To monitor the rural drinking water supply systems in villages, the Ministry of Jal Shakti has decided to take the digital route to usesensor-based IoT devices to effectively monitor the implementation of Jal Jeevan Mission (JJM) in more than six lakh villages. For this, National Jal Jeevan Mission in collaboration with Tata Community Initiatives Trust (TCIT) and Tata Trusts recently completed pilot projects in several remote villages of five States i.e. Uttarakhand, Rajasthan, Gujarat, Maharashtra, and Himachal Pradesh.A key feature of these pilots has been the use of frugal yet sturdy sensors, which makes the solution scalable and sustainable. One of the key challenges posed to the team was to develop a robust solution at a fraction of the water infrastructure costs (<10-15% of total scheme capex) without compromising on quality or functionality. These costs are expected to reduce further at scale. More importantly, majority of the vendors, including manufacturers, are Indian players, thereby giving a boost to Government’s AatmaNirbhar Bharat programme. The pilots went live in September 2020 despite challenges during CoVid-19 pandemic.
The Internet of Things (IoT) based remote monitoring provides near real-time information without any manual intervention by using sensors. This would not only allow effective monitoring and management on-ground, but also enable real-time visibility to State water supply/ PHED officials, and citizens. With a futuristic vision to ensure regular tap water to every home, real-time measurement and monitoring is critical for rural drinking water supply schemes, with enormous gains in terms of operational efficiencies, cost reduction, grievance redressal, etc. Data will drive improvement in service delivery and instill transparency for precious natural asset such as water. Thus, making a strong social and economic case for deployment of such a system.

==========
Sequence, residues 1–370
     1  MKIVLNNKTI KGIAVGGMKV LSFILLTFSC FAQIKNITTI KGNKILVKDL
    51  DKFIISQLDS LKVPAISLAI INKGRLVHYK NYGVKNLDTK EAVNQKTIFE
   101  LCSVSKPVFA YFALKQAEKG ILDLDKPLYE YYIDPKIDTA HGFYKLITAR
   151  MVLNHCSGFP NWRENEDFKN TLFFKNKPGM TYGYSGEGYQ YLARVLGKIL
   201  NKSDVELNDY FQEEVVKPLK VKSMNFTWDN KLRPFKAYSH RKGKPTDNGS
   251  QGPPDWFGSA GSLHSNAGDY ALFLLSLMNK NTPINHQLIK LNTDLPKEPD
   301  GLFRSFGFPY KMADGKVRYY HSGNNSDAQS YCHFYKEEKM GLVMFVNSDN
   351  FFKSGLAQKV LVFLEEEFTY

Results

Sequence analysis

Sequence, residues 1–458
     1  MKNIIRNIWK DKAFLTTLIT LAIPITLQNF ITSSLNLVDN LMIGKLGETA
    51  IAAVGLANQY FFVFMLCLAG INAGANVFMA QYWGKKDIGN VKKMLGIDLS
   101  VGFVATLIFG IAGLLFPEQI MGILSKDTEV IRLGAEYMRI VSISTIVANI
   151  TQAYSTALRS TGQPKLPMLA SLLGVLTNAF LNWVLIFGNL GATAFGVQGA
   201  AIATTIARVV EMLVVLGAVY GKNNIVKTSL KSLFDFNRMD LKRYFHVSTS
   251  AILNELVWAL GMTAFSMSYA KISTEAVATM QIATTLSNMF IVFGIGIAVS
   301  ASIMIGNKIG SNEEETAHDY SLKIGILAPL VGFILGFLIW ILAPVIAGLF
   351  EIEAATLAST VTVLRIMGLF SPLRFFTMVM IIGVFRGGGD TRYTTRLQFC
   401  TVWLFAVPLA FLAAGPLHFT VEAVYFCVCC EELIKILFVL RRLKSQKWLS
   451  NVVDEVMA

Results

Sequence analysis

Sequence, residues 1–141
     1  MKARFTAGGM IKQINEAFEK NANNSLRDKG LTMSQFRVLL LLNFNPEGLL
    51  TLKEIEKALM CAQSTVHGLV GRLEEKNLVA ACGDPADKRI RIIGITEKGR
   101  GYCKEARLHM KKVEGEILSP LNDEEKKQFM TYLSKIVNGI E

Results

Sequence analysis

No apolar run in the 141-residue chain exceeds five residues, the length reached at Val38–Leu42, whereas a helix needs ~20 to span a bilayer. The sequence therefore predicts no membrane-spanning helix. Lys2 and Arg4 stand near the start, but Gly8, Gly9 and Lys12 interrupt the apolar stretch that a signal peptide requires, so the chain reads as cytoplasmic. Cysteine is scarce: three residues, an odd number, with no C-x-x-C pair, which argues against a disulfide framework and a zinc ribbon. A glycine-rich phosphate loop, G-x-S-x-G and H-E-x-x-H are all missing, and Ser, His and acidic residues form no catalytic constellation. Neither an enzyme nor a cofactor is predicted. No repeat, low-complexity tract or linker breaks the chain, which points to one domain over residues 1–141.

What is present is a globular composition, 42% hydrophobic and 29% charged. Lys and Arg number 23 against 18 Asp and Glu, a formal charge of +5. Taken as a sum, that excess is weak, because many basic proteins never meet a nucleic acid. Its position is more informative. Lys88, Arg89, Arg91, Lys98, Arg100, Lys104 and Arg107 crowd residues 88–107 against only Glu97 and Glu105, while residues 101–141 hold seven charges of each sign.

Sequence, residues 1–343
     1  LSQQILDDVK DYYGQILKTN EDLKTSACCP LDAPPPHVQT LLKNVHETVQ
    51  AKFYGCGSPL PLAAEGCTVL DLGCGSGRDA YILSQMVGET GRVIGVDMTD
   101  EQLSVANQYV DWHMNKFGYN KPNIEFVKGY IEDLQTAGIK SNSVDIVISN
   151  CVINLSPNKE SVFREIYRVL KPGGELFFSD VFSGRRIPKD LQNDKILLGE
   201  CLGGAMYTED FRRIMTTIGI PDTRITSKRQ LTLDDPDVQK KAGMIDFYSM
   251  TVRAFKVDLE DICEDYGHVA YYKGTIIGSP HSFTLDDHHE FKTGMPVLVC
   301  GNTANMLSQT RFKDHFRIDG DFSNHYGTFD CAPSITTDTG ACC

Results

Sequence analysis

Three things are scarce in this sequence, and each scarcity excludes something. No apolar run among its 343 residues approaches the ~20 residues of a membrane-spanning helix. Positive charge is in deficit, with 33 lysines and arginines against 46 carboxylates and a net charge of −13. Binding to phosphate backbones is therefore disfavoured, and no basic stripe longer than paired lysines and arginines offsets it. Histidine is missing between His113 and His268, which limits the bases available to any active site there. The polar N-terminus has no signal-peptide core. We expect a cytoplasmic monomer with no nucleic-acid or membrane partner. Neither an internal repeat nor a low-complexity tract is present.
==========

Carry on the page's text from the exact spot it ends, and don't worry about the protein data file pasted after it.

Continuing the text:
Rural drinking water supply design varies considerably across different regions of the country. These pilots were spread across diverse agro-climatic conditions – including areas in western Himalayas, desert regions to Gangetic plains (spanning extreme cold of -100C to severe heat of 480C. These pilots cover different types of sources such as groundwater based borewells, springs in hilly areas, and surface water (river and dams) and villages with a population of a few hundreds to several thousands. The pilots also demonstrated a first-of-its-kind comprehensive (source to tap) remote monitoring and control system in a completely off-grid (using solar and battery only) rural environment in Sirohi district, Rajasthan.
Several types of sensors have been deployed including flow meters, ground water level sensors, chlorine analyzers, pressure sensors, pump controller etc. to measure all the relevant aspects of water service delivery – quantity, duration, quality, pressure, and sustainability – in addition to providing operational efficiencies. The cloud and analytics powered IoT Platform is integrated with a GIS (Geographical Information System) providing a robust decision support system.Disclaimer: We donot claim that the images used as part of the news published are always owned by us. From time to time, we use images sourced as part of news or any related images or representations. Kindly take a look at our image usage policy on how we select the image that are used as part of the news.